Richard Robinson

Bird’s eye view

Humans can see three primary colours. Birds can see four. What does an ultraviolet world look like? And why did birds develop the colours they wear today?

Written by       Photographed by Richard Robinson

“We’ve got one,” calls Kristal Cain, disentangling a tītipounamu’s spindly legs from a mist net strung between trees. The bird is a male, a green jewel with pale grey underparts and a thin beak like the tip of a hypodermic needle, and he’s surprisingly warm. Cain can feel the life thrumming within him. He’s no heavier than a coin, and so tiny and spindly that it’s like holding a dandelion-seed head—he’s all long legs and round body.

Jessica Peart is already behind the camera, which is pointed at a black-velvet backdrop—a photobooth set up in the middle of the forest. Holding the bird delicately by his legs, almost as though he’s a pencil, Cain poses him in front of the black backdrop. He regards the pair of scientists calmly.

Photographed under ultraviolet light, a male tītipounamu museum specimen and live bird (above) fluoresce white where the plumage reflects ultraviolet light: under the eye, on the chest and along the edge of the wing

Peart leans over the camera with intense concentration and snaps two photos: one in visible light, the other with an ultraviolet filter. Once the bird has fulfilled his modelling duties, he’s released into the bush, his green plumage quickly melting into the foliage.

[Chapter Break]

To our eyes, the Hawke’s Bay bush is a shifting palette of lush greens, rich browns and dappled sunlight. To a tītipounamu, it’s an extra-Technicolor world: hundreds of hues where we see just one. Foliage shimmers, each leaf distinct, while fungi and fruits fluoresce. Other birds, lit up and lustrous, flit through the bush in high definition, where humans perceive only a feathery blur.

The ability to see arises from colour-detecting light receptors (called cones) in the eyes. Humans have three types of cone, each specialised to detect different wavelengths of light: red, green and blue. Birds also have red, green and blue receptors, but they have a fourth cone type that can see violet or ultraviolet (UV). Special oil droplets on their cones filter the light more finely—meaning they see more shades of colour than we do. Birds also see more motion detail: although human and bird eyes both function like cameras, birds’ eyes are tuned to a faster shutter speed—they can perceive up to 100 light pulses per second, compared to the 50 per second that the human eye can perceive.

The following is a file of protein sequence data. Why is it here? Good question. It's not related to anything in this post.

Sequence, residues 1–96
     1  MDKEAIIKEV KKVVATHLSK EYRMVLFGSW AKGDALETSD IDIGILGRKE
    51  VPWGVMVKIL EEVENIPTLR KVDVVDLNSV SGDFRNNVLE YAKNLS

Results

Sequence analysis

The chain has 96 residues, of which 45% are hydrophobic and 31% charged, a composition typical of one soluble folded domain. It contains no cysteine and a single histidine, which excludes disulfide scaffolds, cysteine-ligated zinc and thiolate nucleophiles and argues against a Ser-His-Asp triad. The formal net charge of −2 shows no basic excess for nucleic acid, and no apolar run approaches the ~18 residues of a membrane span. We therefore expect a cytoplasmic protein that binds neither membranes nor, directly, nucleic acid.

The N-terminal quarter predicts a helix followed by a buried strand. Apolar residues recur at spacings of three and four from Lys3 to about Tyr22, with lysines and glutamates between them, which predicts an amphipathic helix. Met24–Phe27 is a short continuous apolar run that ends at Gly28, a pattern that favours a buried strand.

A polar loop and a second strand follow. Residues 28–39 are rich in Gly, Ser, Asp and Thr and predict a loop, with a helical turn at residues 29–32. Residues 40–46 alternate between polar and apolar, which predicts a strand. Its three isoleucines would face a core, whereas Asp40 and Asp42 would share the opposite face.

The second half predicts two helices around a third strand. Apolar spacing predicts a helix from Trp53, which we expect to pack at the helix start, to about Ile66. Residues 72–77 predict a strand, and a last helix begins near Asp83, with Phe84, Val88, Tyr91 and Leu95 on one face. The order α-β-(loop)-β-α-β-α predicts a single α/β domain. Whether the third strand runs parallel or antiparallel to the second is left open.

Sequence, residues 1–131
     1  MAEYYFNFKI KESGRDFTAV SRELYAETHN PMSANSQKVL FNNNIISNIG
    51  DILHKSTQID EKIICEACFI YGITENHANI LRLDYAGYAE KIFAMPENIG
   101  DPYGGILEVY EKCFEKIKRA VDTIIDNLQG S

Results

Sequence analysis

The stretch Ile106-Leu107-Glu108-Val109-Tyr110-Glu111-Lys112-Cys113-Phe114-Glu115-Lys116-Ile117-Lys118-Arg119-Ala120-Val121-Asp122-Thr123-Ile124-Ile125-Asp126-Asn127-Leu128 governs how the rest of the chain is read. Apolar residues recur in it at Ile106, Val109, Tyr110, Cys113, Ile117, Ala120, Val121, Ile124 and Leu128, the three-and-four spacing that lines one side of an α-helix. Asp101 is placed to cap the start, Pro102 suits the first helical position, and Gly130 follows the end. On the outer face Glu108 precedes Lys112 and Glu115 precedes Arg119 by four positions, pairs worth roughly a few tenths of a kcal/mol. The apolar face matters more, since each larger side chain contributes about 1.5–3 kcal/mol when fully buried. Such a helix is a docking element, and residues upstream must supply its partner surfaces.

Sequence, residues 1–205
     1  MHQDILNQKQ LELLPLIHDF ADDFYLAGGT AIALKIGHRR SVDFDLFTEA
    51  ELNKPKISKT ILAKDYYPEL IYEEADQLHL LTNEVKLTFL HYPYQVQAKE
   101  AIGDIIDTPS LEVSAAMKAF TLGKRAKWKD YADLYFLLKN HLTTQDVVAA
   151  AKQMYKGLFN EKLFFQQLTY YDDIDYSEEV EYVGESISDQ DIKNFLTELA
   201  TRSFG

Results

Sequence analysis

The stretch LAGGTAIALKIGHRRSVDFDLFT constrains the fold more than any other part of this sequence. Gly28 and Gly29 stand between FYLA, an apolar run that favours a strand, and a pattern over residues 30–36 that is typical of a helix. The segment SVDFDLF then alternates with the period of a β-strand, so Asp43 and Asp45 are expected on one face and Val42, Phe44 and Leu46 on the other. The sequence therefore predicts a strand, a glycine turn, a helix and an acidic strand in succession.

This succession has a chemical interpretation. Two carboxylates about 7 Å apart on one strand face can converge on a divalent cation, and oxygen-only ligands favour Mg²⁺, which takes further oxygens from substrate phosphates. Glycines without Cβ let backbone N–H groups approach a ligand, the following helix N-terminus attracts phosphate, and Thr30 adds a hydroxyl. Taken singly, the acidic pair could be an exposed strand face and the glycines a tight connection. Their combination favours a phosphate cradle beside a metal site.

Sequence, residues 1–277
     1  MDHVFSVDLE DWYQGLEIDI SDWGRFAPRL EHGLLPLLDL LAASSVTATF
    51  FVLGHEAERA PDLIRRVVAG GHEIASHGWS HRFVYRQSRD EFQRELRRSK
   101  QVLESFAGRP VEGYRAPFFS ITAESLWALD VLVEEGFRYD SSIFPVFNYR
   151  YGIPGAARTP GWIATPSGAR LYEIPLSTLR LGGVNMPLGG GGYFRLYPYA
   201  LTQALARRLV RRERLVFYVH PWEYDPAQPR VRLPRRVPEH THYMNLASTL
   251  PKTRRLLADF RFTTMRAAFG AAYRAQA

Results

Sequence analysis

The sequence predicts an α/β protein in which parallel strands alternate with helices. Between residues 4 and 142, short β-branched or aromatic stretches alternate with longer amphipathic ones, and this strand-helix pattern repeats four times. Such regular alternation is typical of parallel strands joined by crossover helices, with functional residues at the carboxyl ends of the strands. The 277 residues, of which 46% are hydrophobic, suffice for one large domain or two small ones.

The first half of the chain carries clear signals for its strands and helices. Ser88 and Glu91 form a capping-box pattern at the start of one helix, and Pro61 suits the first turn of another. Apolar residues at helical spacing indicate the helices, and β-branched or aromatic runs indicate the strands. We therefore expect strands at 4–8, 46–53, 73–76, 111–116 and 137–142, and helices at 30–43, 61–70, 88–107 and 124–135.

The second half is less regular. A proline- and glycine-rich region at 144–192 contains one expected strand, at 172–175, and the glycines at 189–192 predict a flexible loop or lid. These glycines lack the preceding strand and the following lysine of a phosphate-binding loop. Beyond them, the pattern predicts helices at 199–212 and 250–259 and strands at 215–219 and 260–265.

The first photograph taken of a kea using ultraviolet light shows that the underparts of its wings appear even brighter than the orange-red that humans see, while the rest of its body is faintly luminous. Plumage that reflects ultraviolet light, says Kristal Cain, is like a secret channel of communication for birds—one that most mammals, with their three-colour vision, can’t eavesdrop on.
The kākāpō has a splash of white under the eye that is barely noticeable in visible light.

Since the accidental discovery of birds’ ultraviolet sight in the early 1970s, scientists have found puffin beaks reminiscent of glowsticks, blue tits with gleaming head caps, and parrot plumage gaudier than thought possible. In New Zealand, pōpokatea have ultraviolet heads and chests, and the colour is brighter on males than females. Other than the pōpokatea, though, no one has taken a good look at New Zealand’s oddball birds in UV—until now.

[Chapter Break]

Birds see a world that our human brains can scarcely imagine—and we don’t know why, or what that world holds. We do know that ultraviolet sight may help them find food, as some plants and insects fluoresce in UV. But that doesn’t explain why birds’ feathers light up in ultraviolet as though they’re dressed for a rave.

Tītipounamu are also called riflemen because the male birds’ colour reminded someone of military dress, and their uniform does seem like perfect camouflage—except that it’s not the only colour they’re wearing. Peart’s ultraviolet photograph reveals patterning on the rifleman invisible to the human eye. He has silvery dots of eyeliner, ridges along the edge of his wing coverts and a luminous patch on his chest.

Photographed under ultraviolet light, a male tītipounamu museum specimen fluoresces white where the plumage reflects ultraviolet light: under the eye, on the chest and along the edge of the wing.

“The world that we see is not the world that all animals see,” says Cain, a biologist at the University of Auckland. Her lab is studying tītipounamu from all angles—song, genetics, vocal learning ability, sensory ability, behaviour and colour—because the birds are an evolutionary puzzle piece. They’re wrens, an ancient family older than songbirds, which means they could tell us how and why other birds evolved.

Ultraviolet colouration is a significant part of the tītipounamu’s mystery. How do the birds use it? What do UV patterns mean? Do they signal something to other birds?